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Justice Stevens Still Going Strong.--

In a follow-up to the work I've co-authored on Term Limits for Supreme Court Justices, I've been looking at the effects of any US Supreme Court retirements on the overall age and tenure distribution on the Supreme Court.

Many people assume that, if a Democrat wins the White House in 2008, there might be one or more resignations from the more liberal half of the Court in 2009 or 2010. Although it might seem that the oldest member of the Court, Justice John Paul Stevens (age 87), would be the likeliest to step down, those with better sources of information than I have say that Justice Stevens is still extremely bright and funny and appears to outsiders to be in excellent health. Since physically and mentally he appears to be going very strong, some observers have speculated that Justice Stevens may well stay on the Court at least until he breaks Justice Douglas's record as the longest serving Justice in the summer of 2012.

(I confess that I am happy to hear how well Justice Stevens is doing since, partly for personal reasons, Stevens is my favorite sitting Justice. Beyond his general brilliance, he has written by far the best opinions in an area of my scholarly interest, extortion law, and he has personally been the kindest Justice to me both privately and (from what I've been told) in public comments. By the way, my next favorite would come from the conservative wing of the Court.)

Among the other Justices roughly on the liberal side on the Court, Justices Ruth Bader Ginsburg and David Souter are being talked about as possibly retiring or taking senior status if a Democrat wins the White House. Justice Ginsburg, who is 74, strikes some observers as somewhat frail in comparison with other members of the Court. As to Justice Souter, there would be no particular reason for Souter to consider leaving the Court anytime soon, but his natural modesty may lead him to find retirement attractive in a few years, having already exceeded both the 1790-2006 mean (16.2 years) and median (15.3 years) terms on the Court.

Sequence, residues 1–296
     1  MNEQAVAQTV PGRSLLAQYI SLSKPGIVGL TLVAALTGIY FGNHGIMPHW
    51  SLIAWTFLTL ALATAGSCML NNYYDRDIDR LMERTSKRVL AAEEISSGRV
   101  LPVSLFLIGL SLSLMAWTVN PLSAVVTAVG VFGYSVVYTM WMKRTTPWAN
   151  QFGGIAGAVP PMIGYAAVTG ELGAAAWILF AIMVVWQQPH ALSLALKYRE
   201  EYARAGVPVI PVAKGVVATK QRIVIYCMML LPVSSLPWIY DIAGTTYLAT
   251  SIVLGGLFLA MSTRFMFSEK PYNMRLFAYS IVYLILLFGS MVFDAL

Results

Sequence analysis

In 2005, political scientist Kevin McGuire had falsely [i.e., incorrectly] claimed in print that if Justices O'Connor and Rehnquist left the Court (as they soon did), the median current tenure on the Supreme Court would drop to normal levels. Since in any given year the median justice would tend to be just past the mid-point of his judicial tenure on the Court, the median years of service in any given year has historically been about 9.2 years. (The median years of eventual tenure on the bench has been 15.3 years.)

The median tenure on the 2005 Court just before Chief Justice Rehnquist died was 17.5 years. After Justice Alito joined the Court at the end of January 2006, the median did not drop to the historical norm of around 9 years, but rather only to 14.3 years. So McGuire was wrong. Except for a few months in 1937 (when the median tenure of the then-sitting justices reached 14.4 years), these few months in early 2006 were still the highest median years of service on a current Court from the 1870s through the 1970s.

Now, a year and a half later, the median tenure on the Court has increased to 15.7 years. If there are no retirements until the summer of 2009, the median tenure will grow to 17.7 years, above even the level just before C.J. Rehnquist died.